Strength Training Split, High Rep Part I

Finally, more on programming! To recap…after returning from Maui on Monday afternoon, I was coming off my “rest week” and feeling quite rejuvinated. However, due to losing Monday with travel, Nick and I had to structure this past week slightly differently.

Typically, my strength days are split Monday/Thursday: upper body, Tuesday/Friday: lower body, Saturday: vanity day. 

We found the best tweak for the routine to be:

  • Tuesday – lower body, Wednesday – upper body push muscles, Thursday – upper body pull emphasis and Friday lower body training again. 
  • Tuesday’s training was a heavy, low rep workout, so we cycled back to a high rep day on Friday.
  • (You can find a variation of Tuesday’s lower body workout in “Strength Training Split, High Intensity, Part III and IV”)

I always look forward to training legs. They usually include my prefered conditioning, but it is also the company that I enjoy so much. I often join Nick and his training partner Mark for leg workouts. They adapt to my program, but it often falls in sync with their weekly program as well. This Friday, we had a fourth in the group and it was just an all around good time full of hard effort, encouragement, a little bit of heckling and jokes.

Below is an example of how we structure our high rep lower body workouts.

First, as always, we spend about 10 minutes with a solid dynamic warm up. Again, the purpose here is to increase the body temperature, fire up the central nervous system, activate muscles, increase joint mobility and so on. I highly suggest people incorporate this type of warm up before training. This is a great way to help prevent injuries, also reinforce good movement patterns and prep the body for the upcoming workout.

Next, we generally start our strength training with a few sets of either squats or lunges. Sometimes we opt for 3 sets of 20-25 rep barbell squats, however this past Friday, we went outside and performed two rounds of walking lunges across the parking lot (measured about 70 yards each round).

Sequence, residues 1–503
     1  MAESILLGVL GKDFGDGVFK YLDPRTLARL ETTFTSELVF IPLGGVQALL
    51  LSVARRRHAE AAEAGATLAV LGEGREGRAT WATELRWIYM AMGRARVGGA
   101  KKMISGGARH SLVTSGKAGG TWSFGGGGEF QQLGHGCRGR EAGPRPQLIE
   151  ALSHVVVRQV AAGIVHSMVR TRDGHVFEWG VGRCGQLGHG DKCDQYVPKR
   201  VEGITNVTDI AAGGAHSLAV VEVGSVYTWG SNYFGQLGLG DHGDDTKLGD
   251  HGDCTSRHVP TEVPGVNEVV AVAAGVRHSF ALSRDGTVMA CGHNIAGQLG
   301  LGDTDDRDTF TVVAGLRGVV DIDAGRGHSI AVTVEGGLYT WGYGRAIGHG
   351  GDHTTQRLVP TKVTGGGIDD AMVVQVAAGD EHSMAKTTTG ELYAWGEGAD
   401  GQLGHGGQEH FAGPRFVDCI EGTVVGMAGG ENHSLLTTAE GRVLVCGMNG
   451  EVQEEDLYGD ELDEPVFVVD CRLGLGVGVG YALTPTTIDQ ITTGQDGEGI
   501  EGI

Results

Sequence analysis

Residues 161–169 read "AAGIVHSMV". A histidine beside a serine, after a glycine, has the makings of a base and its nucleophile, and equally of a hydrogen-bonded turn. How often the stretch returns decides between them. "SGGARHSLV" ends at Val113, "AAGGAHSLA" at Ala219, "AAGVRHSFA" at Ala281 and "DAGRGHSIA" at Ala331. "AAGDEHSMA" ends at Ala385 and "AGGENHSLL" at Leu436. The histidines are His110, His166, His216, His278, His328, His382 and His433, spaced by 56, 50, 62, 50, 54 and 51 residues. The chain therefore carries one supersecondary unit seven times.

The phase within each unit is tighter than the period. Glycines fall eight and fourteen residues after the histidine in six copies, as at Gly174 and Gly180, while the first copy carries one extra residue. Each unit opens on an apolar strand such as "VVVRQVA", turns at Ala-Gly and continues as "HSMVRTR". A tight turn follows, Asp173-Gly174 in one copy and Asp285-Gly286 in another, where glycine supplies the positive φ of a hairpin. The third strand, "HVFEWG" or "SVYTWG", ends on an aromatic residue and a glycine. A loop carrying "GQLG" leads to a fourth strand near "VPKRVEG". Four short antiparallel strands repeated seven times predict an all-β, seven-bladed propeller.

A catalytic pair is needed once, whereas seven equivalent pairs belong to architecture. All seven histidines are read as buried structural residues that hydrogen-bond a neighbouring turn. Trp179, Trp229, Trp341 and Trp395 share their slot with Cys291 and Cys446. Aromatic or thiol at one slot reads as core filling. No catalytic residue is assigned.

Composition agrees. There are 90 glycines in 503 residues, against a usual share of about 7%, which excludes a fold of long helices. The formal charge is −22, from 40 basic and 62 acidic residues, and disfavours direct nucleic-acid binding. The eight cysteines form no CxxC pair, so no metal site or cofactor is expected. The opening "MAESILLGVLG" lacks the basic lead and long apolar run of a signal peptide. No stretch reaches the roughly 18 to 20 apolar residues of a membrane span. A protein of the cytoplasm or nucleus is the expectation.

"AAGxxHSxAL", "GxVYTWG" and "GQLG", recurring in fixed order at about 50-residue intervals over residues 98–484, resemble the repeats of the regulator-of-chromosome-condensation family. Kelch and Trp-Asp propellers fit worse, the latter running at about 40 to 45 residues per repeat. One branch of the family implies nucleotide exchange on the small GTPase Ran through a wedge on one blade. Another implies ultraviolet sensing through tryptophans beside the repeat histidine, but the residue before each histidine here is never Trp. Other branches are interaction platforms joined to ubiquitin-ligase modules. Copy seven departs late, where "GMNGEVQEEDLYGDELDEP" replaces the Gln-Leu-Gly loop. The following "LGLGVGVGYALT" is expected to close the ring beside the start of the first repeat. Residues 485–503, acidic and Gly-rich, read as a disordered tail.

After we successfully smoked our quads, we moved back into the gym to complete two rounds of a leg complex we call “super legs.” What you will see below is a variation of the traditional set. The beauty of this exercise is there are MANY variations! I will post others in the future. In this workout, we used a 10 pound medicine ball for an additional challenge. The complex includes: 

  • 16 squats
  • 16 alternating lunges (forward or reverse – 8 per leg)
  • 16 split jumps (8 per leg)
  • 8 squat jumps


I learned this complex from Nick a long time ago, who picked it up from JC Santana. The traditional complex is simply body weight and the reps are:

  • 24 prisoner squats
  • 24 alternating lunges (12 per leg)
  • 24 alternating split jumps (12 per leg)
  • 12 squat jumps

(We also have a variation which you can incorporate if you or a client has knees that can not tolerate the lunges and or split jumps which I will post at a later date as well.)

To wrap up the workout, Nick, Mark, Dan and myself all headed back outside for 5 rounds of conditioning. Check back in the next day or so as I will be posting part II of my high rep leg workout!


4 responses to “Strength Training Split, High Rep Part I

  1. Whew, I bet that burns. 1-2 mins between rounds?

    • It’s a good one Nicole! and yes, you can take 1-2 minutes between rounds. If you feel recovered before that time, you can also start sooner as well 🙂

      Thanks! -Alli

  2. Alli – I just found your blog and I love it! I was wondering if you could provide me with the “knee friendly” version of this workout sometime? Thank you!

    • Hey Chris!

      Great timing on this question.. as a matter of fact… you can see the video clip of a knee friendly version on Nick’s website

      The reverse lunges are more friendly than forward because they require less deceleration from the knee joint. Also, using the bench helps reduce the impact from the jumps….on this particular video however, we would also want to substitute the split jumps at the end with explosive step ups on the bench, to again, reduce the impact from landing. Let me know if you have further questions or if this helps enough!


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